Raquela longs to celebrate Passover, even though Jews are not allowed to practice their religion in Inquisition-era Spain. King Ferdinand II and Queen Isabella punish those who are caught observing Jewish customs or celebrating Jewish holidays. 

Raquela’s papa is the best fisherman in town. He knows that “you must think like a fish” and finds their best hiding places. He understands Raquela’s wish to celebrate a Passover and he has the perfect place.  Before Passover begins, he asks Mama to bake flat matzah and mix some dried fruit with nuts and spices and asks Raquela to gather some other items, including a table cloth.

The next day before sundown, Raquela and Mama quietly meet Papa at the beach and they sail to Papa’s favorite fishing hole. There he creates a unique Passover seder for the family, safe from any spies. And Raquela celebrates her first seder under the starry night. Papa explains the meaning of the foods and tells the Passover story in remembrance of the enslaved Jews in Egypt and their exodus to freedom. He also has a hope that “one day we will also be free in Spain — free to live as Jews.”

Why I like Raquela’s Seder:

Joel Edward Stein seamlessly weaves together two historic time periods of Jewish oppression into a moving Passover story of hope and freedom. His gentle text will engage children and will leave them feelings hopeful. Sara Ugolotti’s beautiful illustrations compliment the story, especially her stunning double-spreads of the family celebrating under a starry night. She cleverly includes some historic scenes of Egypt and the parting of the Red Sea. And look at that stunning cover!

I must admit, I didn’t know about how the Jews were treated in Spain. Make sure you check out the author’s Historical Note about the Spanish Inquisition, which lasted more than 350 years, ending in 1834. There is also a more detailed discussion about the Passover celebration. This book is certainly one to add to a home library. It is such a moving tale and relevant in today’s world.

Activities: This book would pair well with Pippa’s Passover Plate by our PPBF author/friend, Vivian Kirkfield. Explain the significance of each of the items on a seder plate and encourage your child to draw, cut, and glue their own plates with construction paper.   

Joel Edward Stein is a former staff writer for CTB/McGraw-Hill. A member of the Society of Chidlren’s Book Writers and Illustrators, he lives in Florida with his wife, son, two birds, and a tortoise. His books include A Hanukkah with Mazel, The Pigeon Man, and The Capture of Rafael Ortega.

Every Friday, authors and KidLit bloggers post a favorite picture book. To see a complete listing of all the Perfect Picture Books (PPB) with resources, please visit author Susanna Leonard Hill’s website.

*Reviewed from a library book.

 

 

Village of Scoundrels by Margi Preus

Village of Scoundrels

Margi Preus, Author

Amulet Books, Fiction, 2019

Suitable for ages: 10-14

Themes: Jews, Teens, Underground movements, Refugees, France, WW II, German occupation, Smuggling, Community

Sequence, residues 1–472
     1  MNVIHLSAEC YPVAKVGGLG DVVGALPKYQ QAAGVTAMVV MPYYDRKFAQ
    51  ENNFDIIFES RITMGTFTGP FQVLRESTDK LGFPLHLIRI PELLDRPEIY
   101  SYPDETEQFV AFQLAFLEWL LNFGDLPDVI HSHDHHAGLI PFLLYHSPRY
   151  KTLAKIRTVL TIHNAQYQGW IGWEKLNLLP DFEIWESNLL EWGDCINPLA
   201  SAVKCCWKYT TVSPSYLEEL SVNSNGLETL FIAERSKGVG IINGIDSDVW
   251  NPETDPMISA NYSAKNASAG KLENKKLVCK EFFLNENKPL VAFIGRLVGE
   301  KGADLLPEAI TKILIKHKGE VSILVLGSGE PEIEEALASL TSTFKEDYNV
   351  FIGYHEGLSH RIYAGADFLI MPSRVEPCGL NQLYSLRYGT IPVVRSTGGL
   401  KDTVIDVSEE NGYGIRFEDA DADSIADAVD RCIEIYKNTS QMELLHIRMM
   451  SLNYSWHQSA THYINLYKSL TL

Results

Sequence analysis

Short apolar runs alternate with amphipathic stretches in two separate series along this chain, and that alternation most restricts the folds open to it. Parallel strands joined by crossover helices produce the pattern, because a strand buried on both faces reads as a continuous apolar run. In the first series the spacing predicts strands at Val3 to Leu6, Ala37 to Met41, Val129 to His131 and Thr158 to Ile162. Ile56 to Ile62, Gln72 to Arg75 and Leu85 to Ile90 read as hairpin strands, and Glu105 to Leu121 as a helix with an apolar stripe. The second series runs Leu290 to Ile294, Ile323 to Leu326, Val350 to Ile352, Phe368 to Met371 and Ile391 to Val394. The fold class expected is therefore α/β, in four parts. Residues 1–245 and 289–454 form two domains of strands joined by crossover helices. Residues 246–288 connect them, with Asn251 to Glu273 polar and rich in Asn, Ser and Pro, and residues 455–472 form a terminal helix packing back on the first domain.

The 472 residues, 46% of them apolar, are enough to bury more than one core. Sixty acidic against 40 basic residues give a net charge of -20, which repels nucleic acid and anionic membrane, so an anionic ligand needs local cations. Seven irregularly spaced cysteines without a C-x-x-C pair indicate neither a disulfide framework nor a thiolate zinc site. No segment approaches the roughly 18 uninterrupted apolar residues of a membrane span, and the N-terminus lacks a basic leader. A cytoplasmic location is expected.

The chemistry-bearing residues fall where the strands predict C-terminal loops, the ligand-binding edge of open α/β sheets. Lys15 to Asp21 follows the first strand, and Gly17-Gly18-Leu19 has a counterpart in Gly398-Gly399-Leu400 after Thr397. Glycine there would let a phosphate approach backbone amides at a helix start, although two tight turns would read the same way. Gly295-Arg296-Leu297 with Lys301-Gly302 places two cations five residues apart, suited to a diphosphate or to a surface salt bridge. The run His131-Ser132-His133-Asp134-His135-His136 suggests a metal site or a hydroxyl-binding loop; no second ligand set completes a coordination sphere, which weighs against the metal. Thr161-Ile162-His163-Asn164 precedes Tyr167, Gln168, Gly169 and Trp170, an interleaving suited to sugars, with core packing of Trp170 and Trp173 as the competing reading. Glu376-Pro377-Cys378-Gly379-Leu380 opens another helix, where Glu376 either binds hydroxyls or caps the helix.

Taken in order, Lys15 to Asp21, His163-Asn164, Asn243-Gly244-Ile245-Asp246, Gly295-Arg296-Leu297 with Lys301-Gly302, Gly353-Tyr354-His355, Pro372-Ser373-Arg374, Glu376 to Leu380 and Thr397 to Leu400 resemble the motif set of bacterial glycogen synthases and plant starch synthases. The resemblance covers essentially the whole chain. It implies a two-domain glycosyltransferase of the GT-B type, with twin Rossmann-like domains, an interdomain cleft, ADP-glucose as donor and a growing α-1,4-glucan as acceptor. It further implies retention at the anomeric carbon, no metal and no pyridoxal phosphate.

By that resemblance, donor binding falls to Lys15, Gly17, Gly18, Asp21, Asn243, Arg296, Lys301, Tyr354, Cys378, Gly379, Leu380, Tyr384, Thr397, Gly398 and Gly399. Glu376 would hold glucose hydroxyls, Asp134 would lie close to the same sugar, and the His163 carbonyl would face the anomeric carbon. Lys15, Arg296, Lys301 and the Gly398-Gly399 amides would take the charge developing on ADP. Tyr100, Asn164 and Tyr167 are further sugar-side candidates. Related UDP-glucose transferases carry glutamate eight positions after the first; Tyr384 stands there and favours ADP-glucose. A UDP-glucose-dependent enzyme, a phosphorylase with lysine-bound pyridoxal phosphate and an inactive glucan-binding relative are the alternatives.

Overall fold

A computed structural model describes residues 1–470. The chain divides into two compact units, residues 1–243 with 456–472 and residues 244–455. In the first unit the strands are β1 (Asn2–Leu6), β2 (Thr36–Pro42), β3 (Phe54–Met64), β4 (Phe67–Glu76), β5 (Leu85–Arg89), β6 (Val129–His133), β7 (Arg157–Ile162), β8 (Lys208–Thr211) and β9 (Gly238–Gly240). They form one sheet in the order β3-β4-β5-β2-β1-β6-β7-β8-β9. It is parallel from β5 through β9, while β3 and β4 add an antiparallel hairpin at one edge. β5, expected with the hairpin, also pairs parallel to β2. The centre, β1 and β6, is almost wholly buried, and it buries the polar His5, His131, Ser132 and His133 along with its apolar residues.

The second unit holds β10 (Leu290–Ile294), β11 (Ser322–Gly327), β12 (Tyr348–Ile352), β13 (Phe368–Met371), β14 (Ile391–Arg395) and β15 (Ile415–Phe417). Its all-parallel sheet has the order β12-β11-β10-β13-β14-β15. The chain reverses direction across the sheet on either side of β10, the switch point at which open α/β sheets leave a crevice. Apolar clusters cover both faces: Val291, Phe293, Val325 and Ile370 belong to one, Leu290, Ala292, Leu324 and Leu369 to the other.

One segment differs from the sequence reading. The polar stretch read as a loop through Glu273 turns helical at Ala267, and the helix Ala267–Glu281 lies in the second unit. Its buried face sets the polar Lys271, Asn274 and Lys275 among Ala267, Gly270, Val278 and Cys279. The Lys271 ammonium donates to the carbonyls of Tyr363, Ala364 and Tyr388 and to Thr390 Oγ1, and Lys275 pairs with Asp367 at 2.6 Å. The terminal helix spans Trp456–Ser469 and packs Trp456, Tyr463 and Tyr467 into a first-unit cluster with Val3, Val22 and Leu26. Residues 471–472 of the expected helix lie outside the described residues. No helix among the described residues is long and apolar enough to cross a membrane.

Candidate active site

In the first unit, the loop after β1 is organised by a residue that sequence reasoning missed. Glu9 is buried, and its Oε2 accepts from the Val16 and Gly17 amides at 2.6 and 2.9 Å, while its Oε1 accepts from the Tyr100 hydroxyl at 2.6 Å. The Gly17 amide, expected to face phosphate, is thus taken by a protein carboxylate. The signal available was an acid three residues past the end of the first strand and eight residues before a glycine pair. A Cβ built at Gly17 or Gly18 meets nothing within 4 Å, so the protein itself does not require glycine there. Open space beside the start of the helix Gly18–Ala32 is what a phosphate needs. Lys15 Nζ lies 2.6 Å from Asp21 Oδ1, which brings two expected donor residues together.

Synopsis:

Forging documents, smuggling people over the border, carrying coded messages for the French resistance — the teenagers of Les Lauzes find ways to help the refugees in their midst. For the first years of World War II, the remoteness of their village offers them a certain amount of protection and the townspeople take on the task of sheltering Jewish children rescued form French concentration camps. But as the Nazi occupiers infiltrate every corner of France, the noose tightens, and the operation becomes increasingly dangerous.

First, a French policeman, Officer Perdant, is sent to spy on their doings and uncover the village “scoundrels” — the teenagers, pastors and others who have been aiding the visitors. Little does he know that the villagers watch him. And when the Gestapo arrives with a list of names, the young people must race against time to get their new friends to safety.

Based on a true story, Village of Scoundrels tells how ordinary people opposed the Nazi occupation and stood up for what was right, in spite of intensifying peril.

Why I like this book:

Margi Preus‘ The Village of Scoundrels is a courageous and suspenseful tale that has many heart-stopping moments. Expertly researched, her story is based on the true stories of real people that are woven together into a fictionalized tale that involves danger and a desire to save human lives at the risk of losing their own. Led by their hearts and the will to do good, this extraordinary mountain village of scoundrels — teens, pastors, teachers, farmers and shop owners — stand together and save the lives of 3,200 Jews.

The story is set in Les Lauzes, a village surrounded by beautiful forests and farmland. It has a high school that “promotes peace and international unity” and attracts teens from all over France and Europe. There is no single location for this non-traditional school, as classes are held in many different places throughout the village. The students live in a variety of boarding houses in the village. So it is easy for Jewish children to fit in when they are rescued and brought to the school.

The story is driven by a cast of young and brave characters! There is John-Paul Filon, 17, a Jew who is the master forger of documents, identity cards, and ration books. He even forges a letter so he can attend medical school. Céleste, 16, is a Parisian and has become a courier for the resistance. Philippe, 17, is a red-headed student from Normandy who wears a Boy Scout uniform and helps smuggle Jewish refugees across the border into Switzerland. Henni, 17, and Max, 21, are concentration-camp survivors from Germany and meet again in Les Lauzes. The school provides a home for Henni, before she and Max flee to Switzerland. Jules is the local 10-year-old goatherd who knows the mountains, town and its secrets better than anyone. He passes messages and creates diversions. French Officer Perdant makes Jules his spy and their relationship is quite comic, as he outsmarts Perdant.